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Find more Looking Forward to the Past
Many readers think of Camelot as a magical place filled with heroic characters and deeds, courtly love, and otherworldly rituals, and so it is. For me, it was also a gateway to a different but equally captivating world: the realm of historical novels.
As an adolescent, my bookshelves overflowed with tales of the fantastic. In particular, Marion Zimmer Bradley’s The Mists of Avalon enchanted me with its tale of a young woman, Morgaine, finding her way as a Celtic priestess in a world of powerful men and the encroaching presence of Christianity. At the time, I didn’t care that the religious beliefs in Bradley’s feminist epic owed more to modern paganism than those likely extant in post-Roman Britain (and I still don’t). But I credit it with introducing me to historical fantasy fiction and novels about the past in general.
Mary Stewart, Judith Tarr, Parke Godwin, Evangeline Walton … my paperbacks from these classic novelists wore out from multiple readings. From there I moved on to the grandes dames of twentieth-century historicals: Norah Lofts, Anya Seton, and, of course, Jean Plaidy. How many readers owe their knowledge of British history to this one prolific writer? During an especially boring stint at a temp agency in between graduate schools, I polished off one Plaidy novel per day, working my way from the Norman Trilogy through Queen Victoria. Sagas were a perennial favorite. I’d gleefully pounce on any novel with a genealogy chart, fascinated by how the family relationships essentially told a story in themselves.
Although I’d always found history a dull subject in school, through historical fiction, I learned that the past was a fascinating place to visit. In fiction, storytelling ability, characterization, and the finer details of daily life were just as important as facts about world leaders and dates of famous battles. The best historical novelists incorporate all of these things. The late Diana Norman, who also wrote as Ariana Franklin, was one of these rare authors; her novels bring English history alive with panache and her wonderfully dry wit.
I became formally involved with the historical fiction community when I took a position as a reviews editor for the Historical Novel Society, an international group founded to promote historical fiction. I’m still on board with them now, 11 years later. Although some stereotypes persist about the genre (try Googling the phrase “many historical novels” to see judgments pronounced by disdainful critics!), times have fortunately changed, and the historical fiction renaissance that began in the mid-1990s still flourishes.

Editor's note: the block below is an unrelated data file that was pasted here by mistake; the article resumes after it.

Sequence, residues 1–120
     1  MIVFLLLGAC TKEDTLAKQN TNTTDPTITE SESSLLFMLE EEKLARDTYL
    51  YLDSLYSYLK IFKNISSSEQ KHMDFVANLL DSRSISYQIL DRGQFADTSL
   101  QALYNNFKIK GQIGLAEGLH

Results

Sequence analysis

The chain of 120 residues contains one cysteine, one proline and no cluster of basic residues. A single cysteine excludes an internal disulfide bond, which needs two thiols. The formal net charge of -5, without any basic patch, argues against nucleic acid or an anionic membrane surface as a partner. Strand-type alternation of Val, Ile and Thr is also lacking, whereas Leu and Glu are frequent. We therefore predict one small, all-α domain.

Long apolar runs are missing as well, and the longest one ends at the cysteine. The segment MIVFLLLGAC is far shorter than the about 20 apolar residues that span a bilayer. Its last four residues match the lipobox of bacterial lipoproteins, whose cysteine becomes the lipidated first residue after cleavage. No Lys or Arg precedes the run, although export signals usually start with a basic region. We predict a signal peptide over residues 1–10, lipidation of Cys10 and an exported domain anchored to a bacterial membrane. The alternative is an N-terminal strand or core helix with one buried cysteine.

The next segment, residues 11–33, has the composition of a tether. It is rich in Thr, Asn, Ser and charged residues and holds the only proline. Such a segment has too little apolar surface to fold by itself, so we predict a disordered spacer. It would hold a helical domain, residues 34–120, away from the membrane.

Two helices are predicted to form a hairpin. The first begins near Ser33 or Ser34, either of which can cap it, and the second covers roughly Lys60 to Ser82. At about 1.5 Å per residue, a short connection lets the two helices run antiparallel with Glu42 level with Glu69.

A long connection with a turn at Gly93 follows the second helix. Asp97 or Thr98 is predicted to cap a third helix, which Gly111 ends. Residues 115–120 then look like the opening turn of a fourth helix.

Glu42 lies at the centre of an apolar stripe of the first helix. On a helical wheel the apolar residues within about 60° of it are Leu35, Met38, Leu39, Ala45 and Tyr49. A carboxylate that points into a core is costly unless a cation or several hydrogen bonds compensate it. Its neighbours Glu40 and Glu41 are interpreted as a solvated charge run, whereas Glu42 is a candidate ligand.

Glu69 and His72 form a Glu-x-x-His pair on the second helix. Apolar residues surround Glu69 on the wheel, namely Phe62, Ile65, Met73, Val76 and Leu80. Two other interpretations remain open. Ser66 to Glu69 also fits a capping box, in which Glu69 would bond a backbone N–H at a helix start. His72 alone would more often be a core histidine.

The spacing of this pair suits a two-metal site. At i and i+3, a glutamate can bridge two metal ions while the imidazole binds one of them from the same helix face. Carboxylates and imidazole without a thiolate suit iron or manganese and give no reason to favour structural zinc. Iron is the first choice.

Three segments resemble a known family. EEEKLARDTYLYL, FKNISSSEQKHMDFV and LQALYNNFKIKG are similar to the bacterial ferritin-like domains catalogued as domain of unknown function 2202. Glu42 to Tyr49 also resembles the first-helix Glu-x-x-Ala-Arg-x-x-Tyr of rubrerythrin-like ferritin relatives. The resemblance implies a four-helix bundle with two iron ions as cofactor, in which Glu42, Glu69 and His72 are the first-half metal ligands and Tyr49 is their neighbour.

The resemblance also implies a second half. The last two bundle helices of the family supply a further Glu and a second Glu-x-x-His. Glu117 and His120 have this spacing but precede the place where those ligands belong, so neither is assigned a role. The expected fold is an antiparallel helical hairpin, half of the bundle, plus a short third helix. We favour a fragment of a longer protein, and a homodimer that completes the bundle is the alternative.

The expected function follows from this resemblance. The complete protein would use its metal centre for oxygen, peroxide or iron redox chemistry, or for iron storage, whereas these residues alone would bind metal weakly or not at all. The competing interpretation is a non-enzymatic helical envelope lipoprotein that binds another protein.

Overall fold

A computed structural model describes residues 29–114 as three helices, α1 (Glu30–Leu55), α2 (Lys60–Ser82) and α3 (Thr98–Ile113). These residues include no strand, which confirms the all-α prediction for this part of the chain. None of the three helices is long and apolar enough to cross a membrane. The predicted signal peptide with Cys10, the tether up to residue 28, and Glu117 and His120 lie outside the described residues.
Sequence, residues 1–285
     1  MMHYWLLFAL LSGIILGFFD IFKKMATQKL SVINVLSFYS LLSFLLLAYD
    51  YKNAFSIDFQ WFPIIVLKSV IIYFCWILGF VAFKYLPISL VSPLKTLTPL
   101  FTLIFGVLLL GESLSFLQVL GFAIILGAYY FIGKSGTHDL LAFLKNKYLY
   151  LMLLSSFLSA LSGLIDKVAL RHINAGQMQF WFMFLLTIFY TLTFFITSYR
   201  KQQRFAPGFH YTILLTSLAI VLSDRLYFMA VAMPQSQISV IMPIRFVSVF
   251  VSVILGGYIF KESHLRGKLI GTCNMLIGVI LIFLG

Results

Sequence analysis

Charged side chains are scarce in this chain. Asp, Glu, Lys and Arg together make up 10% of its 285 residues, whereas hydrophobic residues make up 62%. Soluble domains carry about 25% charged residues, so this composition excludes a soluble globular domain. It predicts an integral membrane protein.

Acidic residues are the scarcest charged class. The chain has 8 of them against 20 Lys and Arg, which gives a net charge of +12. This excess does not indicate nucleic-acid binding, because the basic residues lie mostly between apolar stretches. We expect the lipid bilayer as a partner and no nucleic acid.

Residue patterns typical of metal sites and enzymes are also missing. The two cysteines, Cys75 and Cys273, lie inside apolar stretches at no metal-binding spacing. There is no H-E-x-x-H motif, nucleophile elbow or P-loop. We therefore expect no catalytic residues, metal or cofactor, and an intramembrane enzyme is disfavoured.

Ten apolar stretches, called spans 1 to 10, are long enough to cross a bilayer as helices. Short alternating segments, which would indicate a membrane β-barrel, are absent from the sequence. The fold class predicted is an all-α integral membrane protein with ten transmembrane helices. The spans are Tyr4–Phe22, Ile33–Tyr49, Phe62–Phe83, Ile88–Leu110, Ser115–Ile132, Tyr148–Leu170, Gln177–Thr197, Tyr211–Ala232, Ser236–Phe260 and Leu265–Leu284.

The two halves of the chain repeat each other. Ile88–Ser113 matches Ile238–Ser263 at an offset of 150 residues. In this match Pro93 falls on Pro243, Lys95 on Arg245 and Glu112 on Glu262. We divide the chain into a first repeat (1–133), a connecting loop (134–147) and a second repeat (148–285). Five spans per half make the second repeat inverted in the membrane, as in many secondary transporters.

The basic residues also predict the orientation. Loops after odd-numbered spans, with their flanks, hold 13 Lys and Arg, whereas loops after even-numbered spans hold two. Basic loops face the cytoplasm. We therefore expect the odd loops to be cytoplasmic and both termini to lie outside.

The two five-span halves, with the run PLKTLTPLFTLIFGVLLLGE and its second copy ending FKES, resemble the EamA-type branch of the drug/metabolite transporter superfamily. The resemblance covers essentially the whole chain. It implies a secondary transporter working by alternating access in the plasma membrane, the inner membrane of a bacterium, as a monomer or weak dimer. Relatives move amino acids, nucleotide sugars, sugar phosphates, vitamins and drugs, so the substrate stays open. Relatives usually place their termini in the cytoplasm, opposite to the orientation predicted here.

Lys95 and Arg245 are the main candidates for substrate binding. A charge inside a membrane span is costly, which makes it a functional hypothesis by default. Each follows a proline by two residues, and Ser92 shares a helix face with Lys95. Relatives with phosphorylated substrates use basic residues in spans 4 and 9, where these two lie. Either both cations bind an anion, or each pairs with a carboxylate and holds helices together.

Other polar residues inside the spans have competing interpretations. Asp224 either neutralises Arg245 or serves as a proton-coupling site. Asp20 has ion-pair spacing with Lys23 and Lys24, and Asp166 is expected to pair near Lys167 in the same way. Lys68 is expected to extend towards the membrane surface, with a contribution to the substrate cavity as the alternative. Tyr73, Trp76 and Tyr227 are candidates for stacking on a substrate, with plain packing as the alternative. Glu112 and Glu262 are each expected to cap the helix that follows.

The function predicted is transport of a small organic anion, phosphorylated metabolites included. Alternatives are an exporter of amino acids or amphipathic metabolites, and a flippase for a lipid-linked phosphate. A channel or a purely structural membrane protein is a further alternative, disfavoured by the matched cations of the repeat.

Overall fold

My readers’-advisory books, Historical Fiction: A Guide to the Genre (Libraries Unlimited, 2005) and its sequel, Historical Fiction II (2009), developed out of a desire to showcase the field’s popularity and diversity. Since readers often use appeal factors other than place or time to select historical novels—such as characterization, language, pacing, plot pattern, and more—I organized the books by subgenres first and foremost.
Conceptualizing the categories was straightforward in some cases (historical mystery, multiperiod epics) but more difficult in others (where does Diana Gabaldon fit?). Keeping the annotations fresh and original was a challenging task, too, when writing a couple thousand of them at one go.
Reviewing for Booklist has introduced me to many books and authors I may not have picked up on my own. It helps that Brad Hooper, my editor, tends to pick out better novels for me than I do for myself. Through the selections I’ve been sent, I’ve discovered an unexpected taste for literary fiction. David Mitchell’s The Thousand Autumns of Jacob de Zoet (2010) dazzled me with its inventiveness, and in The River Wife (2007), Jonis Agee won me over with her mesmerizing prose.
Ever since my Plaidy extravaganza, I’ve held a special affection for royalty novels. They couldn’t be more popular—my reading preferences have finally become trendy!—although I have to say things have gotten out of control. It’s fun to see different authors’ takes on the same familiar characters, but how many new novels about Eleanor of Aquitaine does the world need?
Most recently, I’ve found myself returning to my roots. Kate Morton’s superb multiperiod novels have revivified my interest in immersive gothic sagas, and my enjoyment of Guy Gavriel Kay’s newest books demonstrates that my interest in historical fantasy never died. The book currently sitting on my nightstand is Chelsea Quinn Yarbro’s latest vampire novel, An Embarrassment of Riches (2011). Set in thirteenth-century Bohemia, it appeals to my predilection for out-of-the-way settings, and for vampire lit, it’s refreshingly bloodless. In addition, many of the novels I enjoyed in my youth (which really wasn’t that long ago) are being reissued. A new generation of readers are getting to discover Rosemary Sutcliff and Cecelia Holland for themselves.
History repeats itself, and the past has come full circle. Of course, this truth is a common theme in historical fiction, and something its fans have known all along.
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